Seaweed Yarn Maker AlgiKnit Scaling Production of Eco-Conscious Fashion

AlgiKnit yarn

AlgiKnit is creating yarns derived mostly from kelp, to be used across the fashion industry to create footwear, accessories, and garments.

AlgiKnit, maker of eco-conscious yarns derived mostly from seaweed, has announced the opening of its innovation hub in the Research Triangle area of North Carolina. The company will begin pilot projects with global brands from the new space in early 2022.

A 2021 report from the World Economic Forum identified fashion, and its supply chain, as the planet’s third largest polluter — around two-thirds of a garment’s carbon footprint comes from the production of synthetic fibers such as polyester and nylon. These non-renewable fibers are primarily derived from crude oil. In fact, roughly 342 million barrels of oil are used each year in the production of synthetic fibers.

AlgiKnit has spent the last four years developing new technology to produce yarns on a commercial scale to meet the growing demand for carbon-neutral, toxic-free textiles. The company’s new facility will house R&D, manufacturing, and business development teams under one roof and allow the company to scale quickly to help the global fashion industry decrease its carbon emissions.

AlgiKnit’s yarns are derived mostly from kelp, one of the most renewable and regenerative organisms on the planet, and they can be used across the fashion industry to create footwear, accessories, and garments. The yarns are built with function and accessibility to provide a scalable and sustainable alternative for designers, manufacturers and consumers looking for materials with a significantly lower environmental footprint than conventional textiles. “The yarn we’re producing today has the look and feel of the natural fibers consumers are familiar with,” said Aaron Nesser, co-founder and CTO of AlgiKnit.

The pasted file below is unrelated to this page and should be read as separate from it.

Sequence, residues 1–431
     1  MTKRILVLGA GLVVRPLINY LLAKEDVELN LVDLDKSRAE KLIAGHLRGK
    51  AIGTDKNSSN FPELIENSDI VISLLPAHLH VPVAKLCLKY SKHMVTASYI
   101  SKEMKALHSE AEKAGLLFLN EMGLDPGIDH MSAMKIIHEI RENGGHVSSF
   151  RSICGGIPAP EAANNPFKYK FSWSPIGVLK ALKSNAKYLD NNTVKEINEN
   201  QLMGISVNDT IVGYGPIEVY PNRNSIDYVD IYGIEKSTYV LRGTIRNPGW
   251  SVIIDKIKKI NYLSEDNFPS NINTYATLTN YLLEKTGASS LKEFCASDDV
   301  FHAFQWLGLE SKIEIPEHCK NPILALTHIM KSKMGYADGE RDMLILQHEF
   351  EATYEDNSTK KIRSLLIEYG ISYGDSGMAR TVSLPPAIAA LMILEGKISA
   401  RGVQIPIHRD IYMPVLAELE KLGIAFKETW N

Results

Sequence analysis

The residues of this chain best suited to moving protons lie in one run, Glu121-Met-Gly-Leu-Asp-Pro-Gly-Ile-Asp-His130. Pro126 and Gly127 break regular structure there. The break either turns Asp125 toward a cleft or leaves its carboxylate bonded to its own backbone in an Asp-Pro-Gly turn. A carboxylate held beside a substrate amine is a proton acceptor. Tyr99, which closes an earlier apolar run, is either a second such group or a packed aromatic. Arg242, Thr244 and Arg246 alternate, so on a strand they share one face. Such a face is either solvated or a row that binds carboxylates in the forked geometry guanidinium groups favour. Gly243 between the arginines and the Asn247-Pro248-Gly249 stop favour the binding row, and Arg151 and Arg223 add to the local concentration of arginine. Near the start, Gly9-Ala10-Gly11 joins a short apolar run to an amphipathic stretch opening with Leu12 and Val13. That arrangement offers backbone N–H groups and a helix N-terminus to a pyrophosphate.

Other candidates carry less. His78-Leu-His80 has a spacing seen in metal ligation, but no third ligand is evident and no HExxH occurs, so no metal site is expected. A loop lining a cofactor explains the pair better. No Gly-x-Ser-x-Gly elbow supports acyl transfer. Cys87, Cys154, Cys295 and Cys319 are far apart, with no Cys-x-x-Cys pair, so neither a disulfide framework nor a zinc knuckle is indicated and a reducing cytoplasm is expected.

In expanding beyond its headquarters in Brooklyn, New York, AlgiKnit executives saw the Research Triangle as an ideal new location. The area’s rich history of textile manufacturing and the proximity to numerous research and testing facilities will allow the company to accelerate and sustain its growth with access to high level expertise and cutting-edge technology in the area. 

“North Carolina’s Research Triangle area is becoming a hub for big tech and life sciences, and we look forward to collaborating with other companies focused on scientific innovation and disruption,” said Aleksandra Gosiewski, co-founder and COO of AlgiKnit.

All rights reserved. Permission required to reprint articles in their entirety. Must include copyright statement and live hyperlinks. Contact Algae Planet accepts unsolicited manuscripts for consideration, and takes no responsibility for the validity of claims made in submitted editorial.

Seagriculture EU 2024


EABA AlgaeEurope23
Hire Robin Coles Technical Writer


  • November 27, 2023: Australia’s first high-level organization to serve the commercial seaweed industry officially launched in Canberra on November 16, 2023. The Australian Sustainable Seaweed Alliance (ASSA) represents ten corporate members across six states and was launched to advance environmentally responsible farming and production, strategic research and development, and scientific and biotech-related commercialization. READ MORE...
  • November 20, 2023: A research team from IIT Gandhinagar, a leading technical institution in India, has found that beads made from a combination of sea algae, salt, and nanoparticles can be used to remove dyes from wastewater pollution created in the dye and chemical industries. READ MORE...
  • November 17, 2023: Isis Central Sugar Mill, 300km north of Brisbane, Australia, will soon be home to ponds growing algae fed by the mill’s wastewater. The mill will harvest the carbon dioxide created when they burn fiber left over from crushing cane to make electricity and use the nutrients in the wastewater to feed the algae, which is intended for food and fuel. READ MORE...

A Beginner’s Guide